Appletreewick, River Wharfe, Howgill, Skyreholme and Troller's Gill

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Start: Appletreewick Grid Ref: SE 05038 60197 Distance: 5.8 miles (9.3 km)
Climbing: 270 metres Time: 3 hours Rating: Moderate
GPX Route File Google Earth File About Appletreewick
Statistics
Start: Appletreewick Grid Ref: SE 05038 60197
Distance: 5.8 miles (9.3 km) Climbing: 270 metres
Time: 3 hours Rating: Moderate
GPX Route File Google Earth File
Ordnance Survey Explorer Map (1:25,000)

Summary: This walk which begins and ends in the pretty village of Appletreewick starts off with a walk following the River Wharfe downstream to Stangs Lane Bridge before making the first climb, one of sixty metres to Howgill before dropping down through fields to the remote hamlet of Skyreholme. From there an easy constant climb is made following Skyreholme Beck upstream in a closed valley and then through the narrow gorge of Troller's Gill. The climbing continues for another eighty metres of ascent after leaving Skyreholme Beck to reach Appletreewick Pasture. After topping out at around the 300 metres level a slow descent is made over fields to reach a finale down a steep walled access lane back into Appletreewick.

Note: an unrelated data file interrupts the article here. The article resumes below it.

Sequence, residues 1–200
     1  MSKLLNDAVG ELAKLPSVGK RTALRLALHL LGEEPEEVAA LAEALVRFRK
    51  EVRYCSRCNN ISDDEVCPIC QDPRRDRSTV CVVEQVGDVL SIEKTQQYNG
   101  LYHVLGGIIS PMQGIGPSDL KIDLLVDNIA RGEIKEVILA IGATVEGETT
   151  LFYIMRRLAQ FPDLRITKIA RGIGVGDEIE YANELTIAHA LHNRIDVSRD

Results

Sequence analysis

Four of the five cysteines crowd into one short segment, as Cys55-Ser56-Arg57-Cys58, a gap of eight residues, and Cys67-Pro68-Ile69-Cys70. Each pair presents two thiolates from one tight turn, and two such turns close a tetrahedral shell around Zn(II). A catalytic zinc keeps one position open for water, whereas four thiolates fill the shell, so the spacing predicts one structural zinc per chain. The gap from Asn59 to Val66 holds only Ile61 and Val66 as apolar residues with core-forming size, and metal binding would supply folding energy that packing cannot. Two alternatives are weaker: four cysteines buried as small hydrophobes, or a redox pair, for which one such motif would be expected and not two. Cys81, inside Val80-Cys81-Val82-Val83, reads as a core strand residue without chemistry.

The Walk: I parked up near the end of the steep lane which Dave and I would descend at the end of the walk and after putting our boots on the two eldest Brockhurst brothers were on their way on another walk together. I am the eldest of our brood, fourteen months older than Dave and so was toddling off on short walks of our first home back yard first. He was not far behind though and we have been walking since. And for the last thirty years quite often together and sometimes with other friends now. Both well into our sixties and both flora and fauna enthusiasts we're still keen to get out into the countryside for a walk as much as possible.

AppletreewickAppletreewick
River Wharfe rapids near Stangs Lane BridgeRiver Wharfe rapids near Stangs Lane Bridge